Q: What is a Budget?
A: A Budget generally refers to a list or spreadsheet of all planned expenses to complete the construction project. An Owner's budget will typically include all associated costs of construction including Architectural design fees, structural engineering fees, permit fees, (which combined are called “soft costs”) and construction costs. Essentially the budget is a tool that illustrates the trade-offs of making monetary decisions during the construction process. A General Contractor's budget will be similar to the Owner's budget; however, the GC typically does not track the soft costs of the project.
A: Simply put, yes, you can make changes along the way. We will provide you with a schedule that will illustrate what decisions need to be made and when. It is critical to the project's success for you to make decisions ahead of time as to not delay the schedule. With the use of the schedule, we will assist you in making decisions in a timely manner. An example is if you want custom windows that take 8 weeks to deliver we will need to order them 10 weeks before we install them in order to assure that the whole order is received without errors or damages.
A: We typically discourage the Owner from managing parts of the project on their own. The reason you hired a General Contractor in the first place is to manage the project, manage your expectations, and manage the budget. Most often the Owner will pick out materials and products; however, procurement and installation of these items should be left to the professionals to be installed. The benefits of having your General Contractor oversee all work are plentiful such as warranty, contractor discounts in pricing, and most importantly scheduling. If you have a 9-5 job the subcontractor is not going to want to meet you at the jobsite at 6 at night or on weekends. See our Case Study link for more on this subject.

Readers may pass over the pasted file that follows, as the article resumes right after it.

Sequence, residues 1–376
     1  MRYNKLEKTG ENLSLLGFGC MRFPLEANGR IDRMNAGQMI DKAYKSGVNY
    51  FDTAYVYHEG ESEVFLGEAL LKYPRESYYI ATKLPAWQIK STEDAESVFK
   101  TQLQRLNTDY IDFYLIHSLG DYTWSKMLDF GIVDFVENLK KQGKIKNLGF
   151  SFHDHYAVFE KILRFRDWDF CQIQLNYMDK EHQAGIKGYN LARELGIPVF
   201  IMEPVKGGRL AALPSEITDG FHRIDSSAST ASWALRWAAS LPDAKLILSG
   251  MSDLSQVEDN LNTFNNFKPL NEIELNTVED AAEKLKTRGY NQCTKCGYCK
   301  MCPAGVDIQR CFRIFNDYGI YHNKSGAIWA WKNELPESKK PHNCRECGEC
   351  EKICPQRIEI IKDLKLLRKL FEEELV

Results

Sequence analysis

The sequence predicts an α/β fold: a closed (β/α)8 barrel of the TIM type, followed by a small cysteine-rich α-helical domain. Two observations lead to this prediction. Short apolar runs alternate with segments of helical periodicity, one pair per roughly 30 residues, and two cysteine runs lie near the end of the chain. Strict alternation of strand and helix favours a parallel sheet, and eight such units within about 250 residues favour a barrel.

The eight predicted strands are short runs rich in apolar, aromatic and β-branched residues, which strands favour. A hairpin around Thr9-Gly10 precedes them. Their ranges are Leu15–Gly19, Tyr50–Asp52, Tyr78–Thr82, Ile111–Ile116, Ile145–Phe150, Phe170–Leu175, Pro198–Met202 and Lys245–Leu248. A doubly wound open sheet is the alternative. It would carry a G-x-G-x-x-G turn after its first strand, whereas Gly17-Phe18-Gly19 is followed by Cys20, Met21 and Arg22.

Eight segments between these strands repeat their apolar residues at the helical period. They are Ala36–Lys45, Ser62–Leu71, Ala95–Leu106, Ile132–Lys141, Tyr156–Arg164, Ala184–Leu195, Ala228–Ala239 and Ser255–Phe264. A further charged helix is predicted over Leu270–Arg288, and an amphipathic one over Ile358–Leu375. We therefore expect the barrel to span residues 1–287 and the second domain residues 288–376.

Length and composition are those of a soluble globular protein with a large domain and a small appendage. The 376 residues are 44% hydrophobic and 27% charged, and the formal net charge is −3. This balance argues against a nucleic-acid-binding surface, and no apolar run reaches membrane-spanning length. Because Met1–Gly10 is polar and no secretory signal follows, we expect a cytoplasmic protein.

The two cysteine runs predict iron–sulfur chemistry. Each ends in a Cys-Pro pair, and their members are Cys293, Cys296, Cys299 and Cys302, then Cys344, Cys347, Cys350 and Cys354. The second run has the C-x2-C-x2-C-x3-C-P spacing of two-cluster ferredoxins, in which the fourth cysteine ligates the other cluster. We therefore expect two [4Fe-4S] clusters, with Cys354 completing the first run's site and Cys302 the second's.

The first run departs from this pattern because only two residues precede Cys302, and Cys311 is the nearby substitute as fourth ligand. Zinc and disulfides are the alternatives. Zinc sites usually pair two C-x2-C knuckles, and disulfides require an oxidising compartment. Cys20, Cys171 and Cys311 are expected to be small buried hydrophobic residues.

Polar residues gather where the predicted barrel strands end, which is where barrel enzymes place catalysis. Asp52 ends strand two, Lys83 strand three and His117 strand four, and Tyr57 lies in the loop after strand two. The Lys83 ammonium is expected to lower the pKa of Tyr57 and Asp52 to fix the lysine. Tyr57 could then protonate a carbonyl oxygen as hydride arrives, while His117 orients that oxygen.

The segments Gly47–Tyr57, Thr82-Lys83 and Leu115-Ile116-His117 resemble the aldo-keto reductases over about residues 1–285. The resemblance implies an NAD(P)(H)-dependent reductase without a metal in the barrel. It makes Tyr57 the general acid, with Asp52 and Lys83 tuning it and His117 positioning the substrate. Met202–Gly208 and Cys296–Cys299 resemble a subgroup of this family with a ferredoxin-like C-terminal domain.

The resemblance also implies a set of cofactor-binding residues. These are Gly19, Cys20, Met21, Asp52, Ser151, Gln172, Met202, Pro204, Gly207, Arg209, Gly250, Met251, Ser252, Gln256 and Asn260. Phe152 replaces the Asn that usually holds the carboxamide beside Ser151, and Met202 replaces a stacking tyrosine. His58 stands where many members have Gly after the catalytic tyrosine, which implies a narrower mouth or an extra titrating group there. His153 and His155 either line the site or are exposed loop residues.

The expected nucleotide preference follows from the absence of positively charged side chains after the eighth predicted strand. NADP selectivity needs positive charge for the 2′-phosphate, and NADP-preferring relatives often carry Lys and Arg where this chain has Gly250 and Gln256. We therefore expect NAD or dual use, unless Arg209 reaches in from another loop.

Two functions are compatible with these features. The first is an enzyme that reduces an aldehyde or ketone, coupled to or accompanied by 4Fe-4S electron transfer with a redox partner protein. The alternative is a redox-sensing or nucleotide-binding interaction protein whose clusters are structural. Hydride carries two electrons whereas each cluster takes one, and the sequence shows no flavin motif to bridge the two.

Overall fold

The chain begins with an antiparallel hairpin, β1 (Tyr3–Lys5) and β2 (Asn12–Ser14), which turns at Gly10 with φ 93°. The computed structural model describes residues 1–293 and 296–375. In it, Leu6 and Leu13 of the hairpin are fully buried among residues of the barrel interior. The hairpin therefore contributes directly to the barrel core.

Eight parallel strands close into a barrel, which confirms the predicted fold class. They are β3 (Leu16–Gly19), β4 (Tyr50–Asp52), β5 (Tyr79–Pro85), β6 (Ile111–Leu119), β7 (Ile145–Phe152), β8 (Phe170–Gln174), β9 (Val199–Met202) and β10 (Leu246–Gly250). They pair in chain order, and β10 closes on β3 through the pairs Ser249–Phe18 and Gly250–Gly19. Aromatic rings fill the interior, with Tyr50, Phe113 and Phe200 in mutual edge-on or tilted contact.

A: A sustainable building , or green building is an outcome of a design which focuses on increasing the efficiency of resource use such as; energy, water, and materials while reducing building impacts on human health and the environment during the building's lifecycle, through better site , design, construction, operation, maintenance, and removal. Effective green building can lead to 1) reduced operating costs by increasing productivity and using less energy and water, 2) improved public and occupant health due to improved indoor air quality, and 3) reduced environmental impacts by, for example, lessening storm water runoff and the heat island effect. Practitioners of green building often seek to achieve not only ecological but aesthetic harmony between a structure and its surrounding natural and built environment, although the appearance and style of sustainable buildings is not necessarily distinguishable from their less sustainable counterparts.